Korea II

In a somewhat surprising move for privacy, the Korean authority of communications has decided that Facebook is not allowed to operate on Korean soil because of the privacy infringements anticipated for Korean users.

I raised an eyebrow when I read it. Having visited Korea earlier this autumn I remember young people of Korea similarly raising eyebrows at me when I didn’t understand how a state authority could demand that users who want to put content on a website give up their home address, full name and social security number (to stop cyberbullying, of course).

In Korea blogging, social community participation, microblogging or adding content to video communities requires registration by a public authority or the website maintainer. For this reason, Youtube as a Korean phenomenon has never caught on. Some users bypass the Korean restrictions on internet participation by using foreign proxies or filter bypasses. I guess this blog exemplifies that.

Because of my surprise I wrote to professor Keechang Kim at South Korea University, one of the most prestigious centres of higher education in South Korea. He replied:

KCC is merely being ridiculous. They do not understand that Facebook does not ”require” users to submit information which can point to the offline identity of a person. The only ”required” information, to sign up with Facebook, is email address and it is entirely up to the email service provider how to protect the ”personal” information of their email account holders.

KCC lives in, and imagines, a world where service provider invariably collects user’s resident’s registration number and postal address. KCC does not understand ”anonymity”!

What is even more ridiculous is that KCC purports to be a police in the cyber world. KCC claims a sort of universal jurisdiction. Imagine a world where each service provider is subject to regulatory demands of all sorts of countries in the world such as Korea, China, Singapore, Burma, etc, etc.

Pathetic, these idiotic bureaucrats…

In Swedish, that statement would class as ord men inga visor, the English equivalent of which is not known to me. Roughly translated as ”words, but not music”.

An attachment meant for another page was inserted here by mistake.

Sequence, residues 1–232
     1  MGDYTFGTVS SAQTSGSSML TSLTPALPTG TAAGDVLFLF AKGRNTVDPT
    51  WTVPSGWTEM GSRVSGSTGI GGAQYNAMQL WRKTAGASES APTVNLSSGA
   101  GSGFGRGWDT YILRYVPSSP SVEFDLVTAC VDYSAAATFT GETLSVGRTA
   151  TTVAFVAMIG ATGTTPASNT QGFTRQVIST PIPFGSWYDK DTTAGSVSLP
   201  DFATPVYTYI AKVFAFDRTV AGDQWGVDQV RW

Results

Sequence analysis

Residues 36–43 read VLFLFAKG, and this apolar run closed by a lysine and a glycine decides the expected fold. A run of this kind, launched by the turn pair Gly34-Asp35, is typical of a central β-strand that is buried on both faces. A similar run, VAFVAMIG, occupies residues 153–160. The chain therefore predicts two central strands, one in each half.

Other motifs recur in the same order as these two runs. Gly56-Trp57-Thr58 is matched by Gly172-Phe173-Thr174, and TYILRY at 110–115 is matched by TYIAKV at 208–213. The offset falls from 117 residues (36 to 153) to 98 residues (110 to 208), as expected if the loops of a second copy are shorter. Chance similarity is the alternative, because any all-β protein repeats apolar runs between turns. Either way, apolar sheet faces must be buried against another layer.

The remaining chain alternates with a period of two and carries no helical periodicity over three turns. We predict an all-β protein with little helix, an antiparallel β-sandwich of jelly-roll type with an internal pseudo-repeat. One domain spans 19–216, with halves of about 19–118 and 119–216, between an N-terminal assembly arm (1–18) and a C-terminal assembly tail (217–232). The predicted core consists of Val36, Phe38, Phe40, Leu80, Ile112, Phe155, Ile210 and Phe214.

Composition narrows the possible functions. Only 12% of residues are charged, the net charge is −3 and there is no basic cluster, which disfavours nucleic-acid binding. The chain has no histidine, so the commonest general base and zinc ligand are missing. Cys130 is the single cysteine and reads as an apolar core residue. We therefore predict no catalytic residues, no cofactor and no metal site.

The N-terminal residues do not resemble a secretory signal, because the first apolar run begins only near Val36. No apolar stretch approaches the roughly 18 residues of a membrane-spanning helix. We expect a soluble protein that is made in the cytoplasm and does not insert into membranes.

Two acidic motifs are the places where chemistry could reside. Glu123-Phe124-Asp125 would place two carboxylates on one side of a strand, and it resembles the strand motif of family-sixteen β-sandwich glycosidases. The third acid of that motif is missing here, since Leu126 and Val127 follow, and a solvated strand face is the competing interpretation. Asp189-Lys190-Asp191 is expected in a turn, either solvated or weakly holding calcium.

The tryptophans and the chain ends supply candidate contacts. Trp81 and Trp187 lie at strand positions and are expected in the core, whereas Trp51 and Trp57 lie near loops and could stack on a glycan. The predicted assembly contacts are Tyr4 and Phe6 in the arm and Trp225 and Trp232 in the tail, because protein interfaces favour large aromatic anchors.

Well. The KCC observations are probably caused by the privacy debates around Facebook in Europe and the US. It is reasonably possible to have an ”anonymous” facebook account, but this independent study shows that the primary concern at least used to be what other users see, rather than what the company finds out. It also shows that users are perfectly capable of finding stuff out about other users even when those have expressed a desire for the first group not to do so. In Sweden, the Facebook friend adding causes some concerns for bosses and co-workers, but again from concerns of other users rather than the company. Facebook the company does profiling for advertisement reasons, apparently rather successfully for views (what about purchases?), but I find that you can block them. The blocking tip is old though, anyone knows anything more recent? Also, I was, and am still, curious about how these ads generate any kind of cash flow at all. Who clicks? Who buys?

Professor Kim has also written about the Korean government’s surprising, strategical state-effort to lock users in with Microsoft software on OS and browser-level within the scope of their open government project. I’m waiting for him to write a lengthier post on the recent KCC fluff.

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  1. december 14, 2010 kl. 08:39

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